And around 1977 Cook Neislson said the 71 and up Triumphs was still one of the 5 best handing bikes in the world at that time...Anyone know the other 4?

 Hmm , Cook may be a bit off there , the '71 models were not really good handling bikes . The forks were too long which made them handle poorly . That , combined with over sprung under damped suspension caused the '71 and '72 models to act weird . The old Triumph guys I was hanging around with at the time hated the early OIF bikes , cussing BSA for screwing up what had been a nimble solid bike .  
 As for the good handling bikes in that era , Tonti frame Guzzi , Ducati , the RD series Yamaha , the 3 cylinder BSA and Triumph models , which were still built on the old chassis which Cook may have been referring to , and maybe the BMWs (gasp) . Oops , forgot the 500 CC Triumphs , they were also never Umberslade Hall mistakes .




  Dusty
« Last Edit: March 07, 2015, 11:22:33 AM by oldbike54 »
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Re: Guzzi VS old Brit bike
« Reply #74 on: March 07, 2015, 11:13:26 AM »
A Norton will turn heads, but a Guzzi gets the chicks.

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Re: Guzzi VS old Brit bike
« Reply #75 on: March 07, 2015, 12:34:15 PM »
Hmm , Cook may be a bit off there , the '71 models were not really good handling bikes . The forks were too long which made them handle poorly . That , combined with over sprung under damped suspension caused the '71 and '72 models to act weird . The old Triumph guys I was hanging around with at the time hated the early OIF bikes , cussing BSA for screwing up what had been a nimble solid bike .  
 As for the good handling bikes in that era , Tonti frame Guzzi , Ducati , the RD series Yamaha , the 3 cylinder BSA and Triumph models , which were still built on the old chassis which Cook may have been referring to , and maybe the BMWs (gasp) . Oops , forgot the 500 CC Triumphs , they were also never Umberslade Hall mistakes .

  Dusty

   
 Cook may have been referring to the T140 750.......My memory thinks, Ducati bevel drive twin, Triumph 750, Yamaha 350,I believe the Guzzi 750 S and one more I can't remember..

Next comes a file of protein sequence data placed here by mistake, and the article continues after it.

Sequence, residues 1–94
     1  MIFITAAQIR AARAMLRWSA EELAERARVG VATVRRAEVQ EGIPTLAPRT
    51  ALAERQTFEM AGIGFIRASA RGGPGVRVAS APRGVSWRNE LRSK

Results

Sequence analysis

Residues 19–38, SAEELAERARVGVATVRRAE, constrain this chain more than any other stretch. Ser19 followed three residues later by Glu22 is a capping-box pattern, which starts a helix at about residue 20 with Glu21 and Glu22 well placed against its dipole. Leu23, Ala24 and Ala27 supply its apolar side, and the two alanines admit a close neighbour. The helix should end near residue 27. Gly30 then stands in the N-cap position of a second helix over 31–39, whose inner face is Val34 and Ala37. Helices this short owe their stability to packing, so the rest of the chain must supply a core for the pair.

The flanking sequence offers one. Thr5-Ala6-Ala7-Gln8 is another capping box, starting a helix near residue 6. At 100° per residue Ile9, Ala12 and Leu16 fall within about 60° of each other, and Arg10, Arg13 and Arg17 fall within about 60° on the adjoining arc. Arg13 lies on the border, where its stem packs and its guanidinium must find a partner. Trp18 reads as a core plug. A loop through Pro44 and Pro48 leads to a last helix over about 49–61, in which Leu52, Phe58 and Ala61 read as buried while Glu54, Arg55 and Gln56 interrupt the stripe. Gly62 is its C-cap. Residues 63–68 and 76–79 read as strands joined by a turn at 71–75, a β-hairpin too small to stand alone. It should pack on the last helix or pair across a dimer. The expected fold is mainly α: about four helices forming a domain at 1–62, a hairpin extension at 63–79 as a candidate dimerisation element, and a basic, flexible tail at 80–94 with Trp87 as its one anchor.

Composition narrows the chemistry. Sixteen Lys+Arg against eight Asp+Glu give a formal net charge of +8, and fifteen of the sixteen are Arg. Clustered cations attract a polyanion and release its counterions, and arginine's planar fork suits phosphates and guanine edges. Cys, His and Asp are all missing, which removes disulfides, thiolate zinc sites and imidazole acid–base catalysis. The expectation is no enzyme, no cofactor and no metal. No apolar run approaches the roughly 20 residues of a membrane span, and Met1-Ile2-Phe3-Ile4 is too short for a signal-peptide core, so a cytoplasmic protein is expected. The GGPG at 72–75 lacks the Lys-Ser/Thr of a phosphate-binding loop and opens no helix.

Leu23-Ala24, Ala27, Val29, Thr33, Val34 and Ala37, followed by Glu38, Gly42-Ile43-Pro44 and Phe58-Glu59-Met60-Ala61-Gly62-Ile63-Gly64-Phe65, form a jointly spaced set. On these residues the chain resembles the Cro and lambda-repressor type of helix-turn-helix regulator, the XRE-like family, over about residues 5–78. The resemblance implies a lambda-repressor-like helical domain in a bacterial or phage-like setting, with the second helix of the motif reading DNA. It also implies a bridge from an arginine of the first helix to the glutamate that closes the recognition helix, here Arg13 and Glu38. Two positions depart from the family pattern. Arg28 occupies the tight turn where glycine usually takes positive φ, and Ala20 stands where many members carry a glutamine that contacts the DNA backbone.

71 and early 72 Triumphs had very high seats ...The 750 Trident factory custom Hurricane had longer fork tubes... In 73 when Triumph introduced the 750 with a disc brake it was the same basic frame as the late 72 with lowered seat rails. The late 72 frame was the same as the 71 frame other than seat rail position. The T140 fork yokes are about 3/4 inch wider to accommodate the disc brake. The fork tubes are the same diameter with slight detail differences but I do believe they are the same length.
 
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Re: Guzzi VS old Brit bike
« Reply #76 on: March 07, 2015, 12:48:23 PM »
   
 Cook may have been referring to the T140 750.......My memory thinks, Ducati bevel drive twin, Triumph 750, Yamaha 350,I believe the Guzzi 750 S and one more I can't remember..
 71 and early 72 Triumphs had very high seats ...The 750 Trident factory custom Hurricane had longer fork tubes... In 73 when Triumph introduced the 750 with a disc brake it was the same basic frame as the late 72 with lowered seat rails. The late 72 frame was the same as the 71 frame other than seat rail position. The T140 fork yokes are about 3/4 inch wider to accommodate the disc brake. The fork tubes are the same diameter with slight detail differences but I do believe they are the same length.
 

 Pretty sure the forks on the early OIF bikes were a bit longer . All I know , is that ridden back to back , my '70 model TR6R was a much sweeter handling bike than my friends '71 Bonneville . The '71 model was similar to a chopper , ugh . Yeah , the OIF frames stayed basically the same , my two '77 T140s were pretty decent after some suspension work . Still , the old shuttle valve fork model 650s always felt more planted . AND , no matter what anyone says , the conical (comical) hub brakes sucked  :D Yeah , I know , longer linkages , different shoes , and proper setup can make some difference , still not as good as the twin leader brakes used '68 to '70 . Sorry , still won't own a BSA because of what they did to Triumph after Edward Turner retired  ;D